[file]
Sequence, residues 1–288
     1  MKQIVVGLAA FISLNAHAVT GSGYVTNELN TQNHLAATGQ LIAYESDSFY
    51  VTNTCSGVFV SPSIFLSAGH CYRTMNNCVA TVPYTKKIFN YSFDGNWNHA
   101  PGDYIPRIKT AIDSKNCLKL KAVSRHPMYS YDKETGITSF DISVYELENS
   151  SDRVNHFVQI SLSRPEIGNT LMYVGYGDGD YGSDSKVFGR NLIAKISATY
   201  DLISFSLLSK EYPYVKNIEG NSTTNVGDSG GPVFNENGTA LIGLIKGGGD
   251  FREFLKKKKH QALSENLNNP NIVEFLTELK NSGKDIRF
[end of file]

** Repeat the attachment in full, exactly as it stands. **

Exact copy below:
Sequence, residues 1–288
     1  MKQIVVGLAA FISLNAHAVT GSGYVTNELN TQNHLAATGQ LIAYESDSFY
    51  VTNTCSGVFV SPSIFLSAGH CYRTMNNCVA TVPYTKKIFN YSFDGNWNHA
   101  PGDYIPRIKT AIDSKNCLKL KAVSRHPMYS YDKETGITSF DISVYELENS
   151  SDRVNHFVQI SLSRPEIGNT LMYVGYGDGD YGSDSKVFGR NLIAKISATY
   201  DLISFSLLSK EYPYVKNIEG NSTTNVGDSG GPVFNENGTA LIGLIKGGGD
   251  FREFLKKKKH QALSENLNNP NIVEFLTELK NSGKDIRF